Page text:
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2006 Jeep Commander
Jeep grows a third row of seating with its new retro-industrial-look SUV

By Larry Walton & Bruce W. Smith / Editorial Services
Special to GCN

No matter what you think of the trend toward retro styling, sometimes it just makes sense.  Take the newly released Jeep Commander, a “retro” version of the old Jeep Wagoneer that debuted in 1962 as a modern replacement for the then 20-year-old Willys station wagon (Willys-Overland, 1946 to 1962). 

It’s funny how the auto manufacturers are digging into their past for future vehicles.  The Wagoneer (1963-1991) remained a mainstay in the Jeep line for 30 years and was actually the basis for the “Cherokee” line of sport utility vehicles. In a move to update the style and technology, Jeep ditched the Wagoneer and two years later came out with the Grand Cherokee.  

Now, a decade later, the Wagoneer of old is back again in the form of the 2006 Jeep Commander and shares a place in the ever-expanding Jeep offerings alongside the Grand Cherokee.

“The past is the inspiration for our future,” said Jeff Bell, Vice President – Jeep, Chrysler Group. “The Jeep Commander succeeds because it blends the Jeep brand’s unrivaled heritage with 21st Century technology.”

The Commander succeeds  because Jeep wanted to expand passenger capacity of the Grand Cherokee from six to seven and it was the boxy lines of the Wagoneer of old that provided the much needed headroom for the third row of seating needed for the increased demand in passenger capacity.


While the Commander shares a lot of visual cues with yesterday’s Wagoneer and Cherokee, those familiar with today’s Grand Cherokee will feel right at home behind the wheel.  That’s because the Commander and the Grand Cherokee share underpinnings all the way from the engine and four-wheel drive systems to the transmissions and suspensions.

These are all good things for those who want a seven-passenger SUV with real world on- and off-road capabilities.  The Commander, after all, is a Jeep.  It has an innate ability to take on less than ideal driving conditions better than the majority of other four-wheel-drive vehicles.

This was brought to light during our off-road excursions with the Commander. The new Jeep SUV surprised us with better than expected agility, turning radius and traction while driving over some truly rugged terrain. 

For those unfamiliar with seven passenger SUVs, don’t confuse the capacity with the spaciousness of a van; with each row you sit farter back from the front seat in a mid-size or compact SUV, the shorter you had better be.  Head clearance, and more importantly the distance between the seat surface and floor, diminish as the row numbers go up and the closer one sits to the cargo area.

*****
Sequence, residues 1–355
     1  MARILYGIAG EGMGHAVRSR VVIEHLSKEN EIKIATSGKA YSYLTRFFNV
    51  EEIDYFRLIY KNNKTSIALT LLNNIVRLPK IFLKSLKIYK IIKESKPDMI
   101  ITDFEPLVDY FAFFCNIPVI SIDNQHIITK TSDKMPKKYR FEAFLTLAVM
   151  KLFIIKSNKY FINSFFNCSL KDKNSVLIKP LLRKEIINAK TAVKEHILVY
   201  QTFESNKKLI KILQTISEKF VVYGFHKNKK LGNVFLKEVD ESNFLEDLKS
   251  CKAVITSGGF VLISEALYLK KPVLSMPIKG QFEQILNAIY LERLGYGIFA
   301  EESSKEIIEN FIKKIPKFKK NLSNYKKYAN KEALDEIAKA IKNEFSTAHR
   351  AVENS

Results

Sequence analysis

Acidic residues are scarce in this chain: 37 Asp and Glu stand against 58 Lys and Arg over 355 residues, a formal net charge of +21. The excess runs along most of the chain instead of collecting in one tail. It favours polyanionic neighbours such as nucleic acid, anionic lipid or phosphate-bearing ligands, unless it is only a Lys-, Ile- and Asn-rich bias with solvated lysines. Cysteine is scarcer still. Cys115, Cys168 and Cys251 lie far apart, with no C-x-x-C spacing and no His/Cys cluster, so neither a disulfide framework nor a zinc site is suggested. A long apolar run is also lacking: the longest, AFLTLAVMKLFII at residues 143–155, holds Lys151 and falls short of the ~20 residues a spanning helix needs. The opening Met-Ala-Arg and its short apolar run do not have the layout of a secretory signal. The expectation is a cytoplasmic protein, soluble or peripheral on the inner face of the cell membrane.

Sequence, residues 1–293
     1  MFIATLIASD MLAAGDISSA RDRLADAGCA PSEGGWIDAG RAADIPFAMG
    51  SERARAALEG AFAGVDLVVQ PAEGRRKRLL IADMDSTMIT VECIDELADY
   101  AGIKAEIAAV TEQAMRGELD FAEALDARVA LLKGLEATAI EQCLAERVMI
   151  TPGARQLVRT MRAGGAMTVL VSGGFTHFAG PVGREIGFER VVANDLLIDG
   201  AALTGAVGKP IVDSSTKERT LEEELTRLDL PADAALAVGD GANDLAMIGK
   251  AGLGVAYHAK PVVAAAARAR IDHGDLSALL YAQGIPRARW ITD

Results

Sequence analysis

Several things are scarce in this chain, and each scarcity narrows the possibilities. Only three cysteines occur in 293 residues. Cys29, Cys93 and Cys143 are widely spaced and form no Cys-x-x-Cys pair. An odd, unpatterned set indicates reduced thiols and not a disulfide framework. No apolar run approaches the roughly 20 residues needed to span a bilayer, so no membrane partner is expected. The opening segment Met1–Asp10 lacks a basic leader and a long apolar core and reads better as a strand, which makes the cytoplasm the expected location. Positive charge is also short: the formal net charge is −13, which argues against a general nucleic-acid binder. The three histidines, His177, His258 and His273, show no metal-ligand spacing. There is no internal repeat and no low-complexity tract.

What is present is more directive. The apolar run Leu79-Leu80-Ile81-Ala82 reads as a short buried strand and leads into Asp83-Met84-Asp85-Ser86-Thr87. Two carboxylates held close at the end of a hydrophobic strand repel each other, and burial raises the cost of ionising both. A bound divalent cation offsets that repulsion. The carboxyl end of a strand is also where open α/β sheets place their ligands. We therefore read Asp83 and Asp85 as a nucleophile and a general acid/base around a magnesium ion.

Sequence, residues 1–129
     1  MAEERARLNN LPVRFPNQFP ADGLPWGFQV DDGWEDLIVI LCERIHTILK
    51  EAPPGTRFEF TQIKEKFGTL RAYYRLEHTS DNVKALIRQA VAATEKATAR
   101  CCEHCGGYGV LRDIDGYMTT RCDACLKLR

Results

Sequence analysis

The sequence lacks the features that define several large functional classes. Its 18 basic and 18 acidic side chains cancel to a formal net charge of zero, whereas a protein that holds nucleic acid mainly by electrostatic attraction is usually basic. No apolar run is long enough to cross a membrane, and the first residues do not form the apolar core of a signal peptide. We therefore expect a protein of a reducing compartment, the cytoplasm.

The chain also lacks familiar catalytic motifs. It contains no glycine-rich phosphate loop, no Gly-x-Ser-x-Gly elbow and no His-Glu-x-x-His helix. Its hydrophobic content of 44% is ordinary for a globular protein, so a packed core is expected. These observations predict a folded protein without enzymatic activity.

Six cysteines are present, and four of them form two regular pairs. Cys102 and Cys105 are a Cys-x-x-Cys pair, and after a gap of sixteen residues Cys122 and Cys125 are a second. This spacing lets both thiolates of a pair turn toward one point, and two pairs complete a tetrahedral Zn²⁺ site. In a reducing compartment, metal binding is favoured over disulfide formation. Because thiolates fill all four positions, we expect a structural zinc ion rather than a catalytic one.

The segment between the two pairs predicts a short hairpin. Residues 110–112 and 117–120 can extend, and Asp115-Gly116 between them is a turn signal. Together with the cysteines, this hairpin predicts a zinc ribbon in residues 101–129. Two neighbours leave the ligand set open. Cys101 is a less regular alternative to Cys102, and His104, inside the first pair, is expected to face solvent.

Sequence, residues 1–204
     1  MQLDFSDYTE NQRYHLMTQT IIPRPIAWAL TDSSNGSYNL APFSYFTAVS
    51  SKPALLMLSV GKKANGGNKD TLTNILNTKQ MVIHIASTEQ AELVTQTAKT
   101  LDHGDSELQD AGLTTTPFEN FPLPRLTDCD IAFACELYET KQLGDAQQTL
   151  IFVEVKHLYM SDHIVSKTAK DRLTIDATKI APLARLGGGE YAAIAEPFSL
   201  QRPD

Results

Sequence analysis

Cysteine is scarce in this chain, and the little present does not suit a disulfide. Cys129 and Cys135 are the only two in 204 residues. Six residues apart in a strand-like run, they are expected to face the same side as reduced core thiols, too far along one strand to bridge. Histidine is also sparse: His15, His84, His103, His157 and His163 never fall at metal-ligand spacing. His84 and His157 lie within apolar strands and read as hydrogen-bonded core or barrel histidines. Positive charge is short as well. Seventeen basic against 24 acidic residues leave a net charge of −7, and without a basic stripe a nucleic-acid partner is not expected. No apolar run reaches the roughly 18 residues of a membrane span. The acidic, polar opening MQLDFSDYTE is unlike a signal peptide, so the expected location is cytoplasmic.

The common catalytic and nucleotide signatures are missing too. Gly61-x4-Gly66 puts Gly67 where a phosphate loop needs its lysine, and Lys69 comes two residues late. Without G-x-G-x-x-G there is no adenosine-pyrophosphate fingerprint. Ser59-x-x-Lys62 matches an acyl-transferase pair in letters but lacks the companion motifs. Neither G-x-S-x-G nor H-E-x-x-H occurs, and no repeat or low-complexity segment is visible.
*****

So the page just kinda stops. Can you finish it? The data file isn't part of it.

(Before loading your six passengers, have everyone line up by height and load the vertically challenged first and direct them to the third row.)

During the times when one doesn’t need seven-passenger seating the convenient fold-flat third-row seat transforms drops into the floor opening up a good amount of cargo space.  Actually both the second and third rows of seats fold down to open up an impressive 68.9 cubic feet of cargo area.  With the third row only folded down, a very common configuration, there is 36.4 cubic feet of space but with full passenger capacity the cargo space goes to a skinny 7.5 cubic feet.

This cargo arrangement is a very handy feature when want to toss a bicycle that needs a quick lift to the repair shop in the back, or don’t want to bother with strapping down skis, snowboards or wakeboards on a short trip to or from the recreation area.

The hatch glass can be opened while the tailgate remains closed, which helps when loading stuff into the limited space behind the third row. For those who need a lot of room in an SUV for everyday work and home duties, the Commander rear hatch opens nearly to the full interior width, which allows you to actually load cargo into the available space.


One of the nice attributes of the Commander is buyers have the choice of three engines to suit their power and fuel economy needs. The base engine is the 210hp 3.7L V6 that has become a mainstay offering in the Jeep line from the Liberty to now the Commander. The V6 is relatively fuel-efficient, with an EPA rating of 17 city/21 hwy, but the lack of torque makes it a little sluggish under the Commander hood. 

A better choice is the optional 235hp, 4.7L V8, which offers a lot more sporty feeling to the Commander driving experience while increasing its towing capacity beyond that of the little V6. Overall the 4.7L will probably be the engine of choice because it offers a nice compromise between power and fuel economy.   

Of course, for anyone who really wants both the feel and sound of power, it’s the 5.7L, 330hp Hemi option that turns heads—and lightens pockets at the gas pumps. The Hemi puts a lot of life into the Commander throttle, making passing and merging fast-moving interstate traffic thoroughly enjoyed opportunities. 

Such a combination also makes the Commander the optimum sport utility vehicle of the Jeep line; a Commander equipped with the Hemi and a weight-distribution hitch can tow trailers up to 7,200 pounds. 

Speaking of sportiness, although the Commander stands a bit taller than the Grand Cherokee, it didn’t seem to hinder it’s handling ability.  Jeep suspension engineers have done a good job of tuning the new SUV in such a way that there’s a nice balance between comfortable ride and cornering stability.

During the road test there were numerous opportunities on twisting mountain and country roads to test the Commander’s sport aspect. The new Jeep commanded respect with a minimum of body roll in every situation.  Both braking and steering have a good balance of assistance and road feel, which is what you hope for in a vehicle that is suppose to be sporty, family friendly, and off-road capable.

Drivability is further enhanced by the better-than-expected turning radius and outstanding visibility. You feel safe and secure whether behind the wheel or riding along as a passenger. Add in the almost un-Jeep-like quietness of the interior and you end up with a vehicle that is not unwieldy for the kid chauffer in the family to drive every day.